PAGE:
World Environment Day: Why Is Climate Change Making It Harder To Breathe?
5,43,000 children died of respiratory problems caused by air or household pollution.
The Quint DAILY
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Did you know that more than HALF of all Indians who visited a doctor in 2016 did so because they had trouble breathing? To be specific, 51 percent. And this was before COVID-19.
This number increases to an astounding 65 percent in paediatric cases, i.e., children visiting the doctor for breathing problems. The number of deaths and disabilities from respiratory problems and allergic disorders in India is also 2.4 times higher than the world average.
And it's going to get worse in the coming years.
On World Asthma Day 2022, we look at how climate change, air pollution, industrial, and vehicular emissions have led to 65 million Indians suffering from breathing problems and other respiratory problems.
India's Children: The First Victims of Climate Change
The number of children in India suffering from asthma, allergies, and other respiratory disorders has shot up in the last two decades. One in five child deaths is linked to air or other pollution and 90 percent of children around the world breathe toxic air.
In 2016, the world reported 5,43,000 deaths in children under the age of 5 years because of air pollution or household pollution.
While the major cause of allergies and respiratory trouble in the west is pollen, India has reported a sharp increase in respiratory trouble caused by dust, air pollution, dander, dust mites, cockroaches, and pollen.
Cases of asthma, respiratory disorders, allergic rhinitis, and allergies have risen in India in the past two decades.
At least 37.5 MILLION Indians suffer from asthma. For context, that's HALF the size of the UK's population.
And India accounts for more than 10 percent of the total number of asthmatics in the world.
There are many reasons for this increase in respiratory problems.
Climate change, air pollution, poverty, and the economic boom of the 1990s all make it harder to breathe.
India's air pollution stats are IMPRESSIVELY horrifying. It has one of the highest air pollution burdens in the world, just behind China. 77% of Indians are exposed to pollution levels that exceed the WHO's safety standards.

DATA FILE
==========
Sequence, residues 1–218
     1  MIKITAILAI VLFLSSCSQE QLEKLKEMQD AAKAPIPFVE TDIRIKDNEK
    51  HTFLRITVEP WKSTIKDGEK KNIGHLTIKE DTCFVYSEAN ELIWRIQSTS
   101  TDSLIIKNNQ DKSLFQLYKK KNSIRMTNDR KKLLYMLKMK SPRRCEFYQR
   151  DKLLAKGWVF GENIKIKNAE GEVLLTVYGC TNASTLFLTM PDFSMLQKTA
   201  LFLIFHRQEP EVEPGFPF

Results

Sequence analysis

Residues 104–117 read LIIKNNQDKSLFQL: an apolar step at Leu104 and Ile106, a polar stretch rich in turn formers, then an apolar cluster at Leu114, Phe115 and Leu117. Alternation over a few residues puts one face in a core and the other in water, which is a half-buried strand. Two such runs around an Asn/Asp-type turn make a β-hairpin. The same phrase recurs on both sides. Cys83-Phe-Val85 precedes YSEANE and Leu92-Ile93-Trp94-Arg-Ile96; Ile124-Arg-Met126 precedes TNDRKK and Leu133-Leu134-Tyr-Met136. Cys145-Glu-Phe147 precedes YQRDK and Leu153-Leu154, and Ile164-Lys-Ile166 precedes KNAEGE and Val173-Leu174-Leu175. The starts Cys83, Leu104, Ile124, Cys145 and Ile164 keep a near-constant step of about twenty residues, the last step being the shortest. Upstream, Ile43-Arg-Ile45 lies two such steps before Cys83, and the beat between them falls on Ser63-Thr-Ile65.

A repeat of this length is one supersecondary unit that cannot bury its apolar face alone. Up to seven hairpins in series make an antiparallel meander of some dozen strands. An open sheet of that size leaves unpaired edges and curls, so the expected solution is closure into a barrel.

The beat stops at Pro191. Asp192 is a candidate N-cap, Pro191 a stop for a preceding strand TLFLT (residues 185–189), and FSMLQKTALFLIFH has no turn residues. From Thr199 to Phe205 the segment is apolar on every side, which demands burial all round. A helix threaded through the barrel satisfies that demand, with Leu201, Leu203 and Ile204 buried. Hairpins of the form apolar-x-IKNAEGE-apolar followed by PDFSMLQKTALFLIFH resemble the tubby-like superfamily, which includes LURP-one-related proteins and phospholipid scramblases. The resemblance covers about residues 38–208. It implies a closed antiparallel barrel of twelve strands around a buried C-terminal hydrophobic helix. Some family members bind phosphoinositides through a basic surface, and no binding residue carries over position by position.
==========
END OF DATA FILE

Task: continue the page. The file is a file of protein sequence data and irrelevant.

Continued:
26 percent of the world's loss of life expectancy because of air pollution is from India. That's more than a QUARTER of this massive number. What are the major causes of this air pollution?
Nearly 70 percent of Indians live in poverty, sustaining themselves and their families on around 150 rupees a day.
Out of an estimated 65 million cases of respiratory trouble, More than 80%, 78%, and 52% are because of burning fire wood, kerosene, and cow dung cakes as fuel.
If people stopped using firewood and kerosene/cow dung it could save approximately 27 million people from breathing problems like asthma, COPD, and allergic rhinitis.
But with crippling poverty and inflation, the poor in India have to choose from either dying of hunger and cold, or dying from respiratory problems and disease, all because of the wealth disparity.
Ironically, while over 70 percent of India lives in poverty, the economic boom of the 1990s, which made many Indians wealthy, is responsible(in part) for the increase in the country's respiratory disorders.
The economic boom led to more wealth in the hands of more citizens, which led to buying cars, bikes, and other vehicles that use petrol or diesel.
The burning of fossil fuels in cars, and emissions from industries both contribute to making the environment even worse to live in.
Pollution monitoring in india is carried out by over 4,000 Online Continuous Emission Monitoring Systems called OCEMS. They categorize industries based on their pollution risk.
Delhi, one of the most polluted parts of the country has 154 industries in 23 districts which all fall in the "all-red category, air polluting industry" category.
And what does this increase in industrial emissions do?
Well, repeated exposure to toxic air causes cardiovascular diseases, respiratory diseases, lung cancer, strokes, pre-term birth, type-2 diabetes, and a RANGE of other cancers.
All other factors aside, climate change is responsible for increased breathing problems and allergies across the world. While air pollution, industrial dumping and poverty all lead to climate change, climate change itself makes the world unhealthier.
We have heat waves, longer summers, and hotter days because of climate change. This creates an environment that's perfect for a longer pollen season.
Pollen is the leading cause of allergies and respiratory problems in most parts of the world. It would be the leading cause of respiratory trouble in India too, if we didn't have such terrifying pollution numbers.
Climate change makes the earth warmer. This leads to pollen becoming stronger and makes pollen season last longer.
We're literally turning Earth into a more toxic environment to live in, with every passing minute.
As the environment suffers we suffer with it. Earth will keep living long beyond all of us. So isn't it time we made a change to save our future?
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Topics: Health Climate Change World Health Day
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